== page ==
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"Afrofuturism and Digital Humanities" - UT Humanities Center Distinguished Lecture

Visiting scholar Julian C. Chambliss (Michigan State University) will give a public talk titled "Afrofuturism and Digital Humanities: Some Considerations on Digital Public Record and the Black Experience" on September 25 as part of the UT Humanities Center’s “Dialogues” digital humanities mini-series within its 2023-2024 Distinguished Lecture Series.  

The case for Black Digital Humanities advocates for the transformative potential offered by the intersections of black studies and digital humanities. In this talk, I will discuss the implication of Afrofuturism 2.0 ideology offered by Afrofuturist thinkers such as Drs. Lonny Brooks and Reynaldo Anderson and how we might use their Afrofuturist framing to create digital humanities methodologies that address post-Reconstruction activism by African Americans. 

The lecture is free and open to the public and is held in Hodges Library’s auditorium on the UT Knoxville campus. Public parking is available in the Volunteer Hall parking garage for our off-campus visitors. Everyone is welcome! 

 

About the Speaker: 

Julian C. Chambliss is a professor of English and the Val Berryman Curator of History at the MSU Museum at Michigan State University. In addition, he is the faculty lead for the Department of English Graphic Possibilities Research Workshop and a core participant in the MSU College of Arts & Letters’ Consortium for Critical Diversity in a Digital Age Research (CEDAR). His research focuses on race, culture, and power in real and imagined spaces. His recent writing has appeared in Scholarly Editing, Genealogy, KULA: Knowledge Creation, Dissemination, and Preservation Studies, and The Conversation US.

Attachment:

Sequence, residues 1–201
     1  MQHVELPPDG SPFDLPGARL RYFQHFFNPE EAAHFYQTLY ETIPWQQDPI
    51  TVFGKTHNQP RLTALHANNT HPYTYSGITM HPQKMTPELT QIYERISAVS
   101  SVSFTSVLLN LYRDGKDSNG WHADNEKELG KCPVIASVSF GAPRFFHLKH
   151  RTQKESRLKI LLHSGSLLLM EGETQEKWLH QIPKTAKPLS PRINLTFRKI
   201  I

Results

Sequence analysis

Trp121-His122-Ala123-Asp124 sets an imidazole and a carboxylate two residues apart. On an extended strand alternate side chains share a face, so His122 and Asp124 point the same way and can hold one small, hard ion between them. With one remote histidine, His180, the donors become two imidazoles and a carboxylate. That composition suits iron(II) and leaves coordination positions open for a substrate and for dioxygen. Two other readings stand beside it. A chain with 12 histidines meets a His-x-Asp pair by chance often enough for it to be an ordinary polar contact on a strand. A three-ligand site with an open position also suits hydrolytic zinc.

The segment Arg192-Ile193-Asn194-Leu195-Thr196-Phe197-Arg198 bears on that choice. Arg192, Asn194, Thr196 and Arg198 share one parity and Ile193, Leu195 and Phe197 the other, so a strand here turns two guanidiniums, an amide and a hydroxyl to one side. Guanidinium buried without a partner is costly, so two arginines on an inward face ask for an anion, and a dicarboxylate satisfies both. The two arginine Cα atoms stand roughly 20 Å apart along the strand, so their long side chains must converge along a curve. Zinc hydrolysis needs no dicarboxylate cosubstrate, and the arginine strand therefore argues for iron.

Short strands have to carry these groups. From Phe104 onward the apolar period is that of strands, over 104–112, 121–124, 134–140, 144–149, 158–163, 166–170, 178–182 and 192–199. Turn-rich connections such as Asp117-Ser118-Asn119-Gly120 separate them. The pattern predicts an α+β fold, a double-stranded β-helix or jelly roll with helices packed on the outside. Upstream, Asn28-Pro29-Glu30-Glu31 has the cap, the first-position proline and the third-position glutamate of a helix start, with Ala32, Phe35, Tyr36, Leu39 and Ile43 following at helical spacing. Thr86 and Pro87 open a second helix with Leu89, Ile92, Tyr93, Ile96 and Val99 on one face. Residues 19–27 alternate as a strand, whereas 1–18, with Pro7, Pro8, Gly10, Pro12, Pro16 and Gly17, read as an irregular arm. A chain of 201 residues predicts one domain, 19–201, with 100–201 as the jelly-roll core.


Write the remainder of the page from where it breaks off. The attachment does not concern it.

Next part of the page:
About the Series: 

The UT Humanities Center's Distinguished Lecture Series bring acclaimed humanities scholars and renowned artists to the Knoxville campus for research-based conversations with UT faculty and graduate students and to give a public talk on a topic of the speaker's choosing. Speakers are nominated and hosted by faculty from our nine affiliated arts and humanities departments. Because only speakers with exceptional records of publication and research activity are eligible to receive a nomination as a visiting scholar, the program brings to campus some of the most cutting-edge and prolific intellectuals in the humanities today. Details on this season’s program are available at humanitiescenter.utk.edu/public/visiting. If you enjoy this series and would like to support future UT Humanities Center programming, please visit humanitiescenter.utk.edu/giving to learn about giving opportunities. 

Dial-In Information

We will offer a live-stream via Zoom for those unable to attend in person. To register, visit the link here.

Monday, September 25, 2023 at 3:30pm to 5:00pm

John C Hodges Library, Lindsay Young Auditorium (rm. 101)
1015 Volunteer Blvd, Knoxville TN